Dear Sue Ellen,
We are getting our son ready to leave for college and I am a wreck. I want to be supportive, but I am not ready for this. Do you have any words of encouragement?
Life is really strange. One day the doctor is putting a newborn baby into our arms. Then what feels like a week later, (really 18 years) we are pushing our kids out of the nest and telling them to fly away on their own
Parents get a few short years to prepare their children for life. Some do a better job than others. Some kids manage to grow into responsible healthy adults in spite of the toxic homes they grew up in, and some kids turn out selfish and rotten in spite of the loving and nurturing homes they were brought up in…go figure. Research shows we mostly raise our kids the same way we were raised. Children growing up in dysfunctional homes may vow they will do it differently, and they can, if they are willing to learn new skills. It’s complicated, but we can be good parents in spite of our life situations.
Have you ever seen parents that never let go of their grown kids? They are always trying to get into their kid’s business and overstepping every healthy boundary there is between adult children and their parents? We really do have to let them go, but it is hard. By letting them go, we are saying, “you can do this” and “I believe in you”. By hanging on to them we could be saying to them, “you can’t do life without me” and “don’t make your own life decisions because I will always know best.” Your kids will resent you clinging to them.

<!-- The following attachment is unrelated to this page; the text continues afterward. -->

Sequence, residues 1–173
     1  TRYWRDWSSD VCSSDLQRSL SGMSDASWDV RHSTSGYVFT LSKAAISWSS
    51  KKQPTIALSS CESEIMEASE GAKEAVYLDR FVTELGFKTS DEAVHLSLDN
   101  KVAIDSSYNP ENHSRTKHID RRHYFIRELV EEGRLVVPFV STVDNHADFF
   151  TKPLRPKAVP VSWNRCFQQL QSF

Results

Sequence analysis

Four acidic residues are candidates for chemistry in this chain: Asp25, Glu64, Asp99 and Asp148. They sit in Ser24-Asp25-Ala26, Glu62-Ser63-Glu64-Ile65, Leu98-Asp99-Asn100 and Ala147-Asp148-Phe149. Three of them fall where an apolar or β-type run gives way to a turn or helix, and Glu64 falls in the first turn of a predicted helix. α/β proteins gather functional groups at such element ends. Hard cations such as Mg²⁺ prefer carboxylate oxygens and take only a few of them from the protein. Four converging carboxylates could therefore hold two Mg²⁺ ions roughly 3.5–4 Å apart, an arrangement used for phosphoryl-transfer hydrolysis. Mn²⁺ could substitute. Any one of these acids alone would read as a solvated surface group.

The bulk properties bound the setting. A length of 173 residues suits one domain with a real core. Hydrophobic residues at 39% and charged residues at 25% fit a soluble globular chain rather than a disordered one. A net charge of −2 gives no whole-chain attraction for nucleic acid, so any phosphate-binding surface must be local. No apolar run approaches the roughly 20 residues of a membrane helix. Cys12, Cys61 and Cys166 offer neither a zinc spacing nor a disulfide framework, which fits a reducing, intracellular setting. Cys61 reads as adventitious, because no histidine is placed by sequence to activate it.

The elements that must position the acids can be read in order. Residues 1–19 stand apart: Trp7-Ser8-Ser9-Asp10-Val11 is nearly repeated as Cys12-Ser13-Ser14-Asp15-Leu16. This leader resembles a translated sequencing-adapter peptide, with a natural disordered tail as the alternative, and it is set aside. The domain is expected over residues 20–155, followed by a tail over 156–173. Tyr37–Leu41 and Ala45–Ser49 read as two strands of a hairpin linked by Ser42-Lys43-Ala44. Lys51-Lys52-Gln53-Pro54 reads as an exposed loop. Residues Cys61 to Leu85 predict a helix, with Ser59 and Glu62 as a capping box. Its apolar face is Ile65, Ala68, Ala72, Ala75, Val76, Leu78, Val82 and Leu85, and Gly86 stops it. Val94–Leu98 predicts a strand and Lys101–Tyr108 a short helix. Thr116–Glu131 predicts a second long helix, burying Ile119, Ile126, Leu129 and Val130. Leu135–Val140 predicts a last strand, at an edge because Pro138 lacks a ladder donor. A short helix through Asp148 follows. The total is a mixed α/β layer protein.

You asked for encouragement, so here is my best shot. I know it is hard to let your baby go, but that is what love does. As your son grows into adulthood, he will learn to have a new kind of relationship with you that could be as special as when he was a little boy. It will be different, and different can be good. Take a deep breath Mom. You are still an important part of his life and he still needs to know that you have expectations of him, even though he is at college. He is starting a new chapter of life and so are you. Celebrate! You will get through this period of grief and loss. When you do, be prepared to enjoy life in new and exciting ways.
One more thing to think about. Reports are showing that more kids are returning home after college while they are looking for a job. See…he might be back. (If he does, you will probably fondly reminisce about the days when he was away). You got your son to college; an accomplishment that lots of parents miss out on. You did good. Now go, and enjoy your mid-life crisis; dye your hair purple, get a tattoo, or buy something silly that you’ve always wanted.
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